FL MORRIS / FMORRIS@STARBULLETIN.COM
Inside City Hall, with boxes of signed petitions in front of him, Dennis Callan of Stop Rail Now talked to the media yesterday with supporters rallying behind him.
Lawsuit looms over validity of anti-rail petition
Transit: City clerk denies petition
STORY SUMMARY »
City Clerk Denise De Costa denied an anti-rail group's petition initiative yesterday, leaving the decision of whether there will a November ballot question on the city's $4 billion rail transit system up to the courts or the City Council.
Stop Rail Now said it will file a lawsuit in Circuit Court today in an attempt to force De Costa to process its petition initiative attempting to stop the city's project. De Costa refused the petition, saying she would violate the City Charter by placing the question on the general election ballot.
The City Council is considering several versions of a charter amendment on rail transit in a meeting tomorrow. De Costa has a Sept. 5 deadline to submit all general election information to the state.
FULL STORY »
An anti-rail group said it plans to file a lawsuit today after City Clerk Denise De Costa refused yesterday to accept its petition initiative attempting to stop the city's proposed $4 billion rail transit system.
Monday the city clerk refused to accept tens of thousands of signatures that the anti transit group "Stop Rail Now" collected in a petition drive.
Leaders of Stop Rail Now said they collected 49,041 signatures over the last three months, which they believe qualifies them to place a question on the November ballot that would ask Oahu voters to stop a rail or train system.
"The clerk's position is absurd," said Earle Partington, the new attorney for Stop Rail Now. "We're going to ask the courts to force the clerk to file and process the petition."
More than a dozen supporters of Stop Rail Now -- including two challengers for the mayor's seat, City Councilwoman Ann Kobayashi and Panos Prevedouros -- went to a 2 p.m. scheduled appearance yesterday to submit nine boxes of petitions to the City Clerk's Office in Honolulu Hale.
The group had expected De Costa to deny its petition after she had sent another letter last week reiterating her stance that it would be a violation of the City Charter for her to place the initiative on the general election ballot.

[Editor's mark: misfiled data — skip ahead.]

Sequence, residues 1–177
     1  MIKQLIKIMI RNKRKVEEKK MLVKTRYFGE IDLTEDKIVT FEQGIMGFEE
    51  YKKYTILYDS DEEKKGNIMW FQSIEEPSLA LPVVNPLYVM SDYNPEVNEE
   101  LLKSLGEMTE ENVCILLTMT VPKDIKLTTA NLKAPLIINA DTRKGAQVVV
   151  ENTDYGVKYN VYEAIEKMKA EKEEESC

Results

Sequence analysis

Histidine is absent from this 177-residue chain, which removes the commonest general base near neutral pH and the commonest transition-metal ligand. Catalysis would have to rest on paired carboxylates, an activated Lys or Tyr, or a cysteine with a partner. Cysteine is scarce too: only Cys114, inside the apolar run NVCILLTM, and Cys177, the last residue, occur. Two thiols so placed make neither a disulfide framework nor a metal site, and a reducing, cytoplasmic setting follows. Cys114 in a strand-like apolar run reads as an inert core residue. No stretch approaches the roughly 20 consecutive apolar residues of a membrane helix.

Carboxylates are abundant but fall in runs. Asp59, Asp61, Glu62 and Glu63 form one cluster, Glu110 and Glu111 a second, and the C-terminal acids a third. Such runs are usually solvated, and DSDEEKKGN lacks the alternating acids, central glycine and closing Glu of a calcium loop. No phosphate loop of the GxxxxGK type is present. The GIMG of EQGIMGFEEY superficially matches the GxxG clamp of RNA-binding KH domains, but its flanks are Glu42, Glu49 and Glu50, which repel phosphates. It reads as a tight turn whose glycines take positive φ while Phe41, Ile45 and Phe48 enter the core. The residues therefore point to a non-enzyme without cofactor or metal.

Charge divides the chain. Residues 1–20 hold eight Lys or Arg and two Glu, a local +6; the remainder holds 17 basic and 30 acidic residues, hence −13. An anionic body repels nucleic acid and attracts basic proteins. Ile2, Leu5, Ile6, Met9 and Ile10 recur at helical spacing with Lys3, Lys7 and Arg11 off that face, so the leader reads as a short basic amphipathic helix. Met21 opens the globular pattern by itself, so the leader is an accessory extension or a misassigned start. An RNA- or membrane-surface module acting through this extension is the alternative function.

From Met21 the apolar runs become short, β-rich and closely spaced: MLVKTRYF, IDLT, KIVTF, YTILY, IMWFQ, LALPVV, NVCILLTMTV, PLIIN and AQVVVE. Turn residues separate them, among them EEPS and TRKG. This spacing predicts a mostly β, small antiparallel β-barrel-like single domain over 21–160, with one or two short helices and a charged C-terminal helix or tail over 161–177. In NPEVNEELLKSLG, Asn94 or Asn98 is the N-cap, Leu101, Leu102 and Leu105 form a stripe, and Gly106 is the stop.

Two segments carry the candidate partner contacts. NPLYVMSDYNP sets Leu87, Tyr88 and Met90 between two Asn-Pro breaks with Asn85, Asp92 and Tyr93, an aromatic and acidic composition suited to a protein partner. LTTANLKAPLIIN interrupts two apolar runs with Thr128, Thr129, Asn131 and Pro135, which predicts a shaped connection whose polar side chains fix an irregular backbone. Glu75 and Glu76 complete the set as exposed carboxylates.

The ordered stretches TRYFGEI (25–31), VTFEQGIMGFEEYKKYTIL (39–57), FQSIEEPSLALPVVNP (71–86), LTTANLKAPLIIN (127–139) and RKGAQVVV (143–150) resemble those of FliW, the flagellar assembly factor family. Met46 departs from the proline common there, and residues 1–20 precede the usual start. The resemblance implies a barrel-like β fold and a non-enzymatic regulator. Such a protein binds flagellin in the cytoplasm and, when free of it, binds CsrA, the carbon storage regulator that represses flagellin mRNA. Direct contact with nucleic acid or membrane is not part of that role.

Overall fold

"There is so much interest in this subject that I don't think they would be satisfied with anything less than a court decision," De Costa said. "It is our belief that we are interpreting the Charter correctly. I feel like we treated them fairly because if we took their documents today, I would have to reject their petition and all the signatures they collected."
According to the City Charter, a petition initiative calling for a special election needs to be submitted at least 180 days before a general election. The group disputes De Costa's ruling, saying they collected the required number of signatures necessary -- at least 10 percent of votes cast in the last mayoral election, or about 30,000 verified registered voters -- to place it on the November ballot.
The deadline for the city to submit any information on the general election ballot -- such as charter amendments and ballot questions -- to the state Elections Office is Sept. 5, giving the courts about a month to make a decision.
"That doesn't really give us any time because the clerk is going to have to spend time validating the signatures," said Dennis Callan, a Stop Rail Now organizer. "It's too soon to worry about anything yet. We hope the court would realize the urgency of this situation and expedite our case."
At a meeting tomorrow, meanwhile, the City Council will consider several versions of a charter amendment that would let voters voice their opinion on the city's planned elevated 20-mile system from Kapolei to Ala Moana. Mayor Mufi Hannemann's office deferred comment on yesterday's developments to De Costa. However, Hannemann has said he is willing to consider a charter amendment on this issue.
A charter amendment requires approval from at least six of the nine members in a City Council that is typically divided 5-4 on many issues.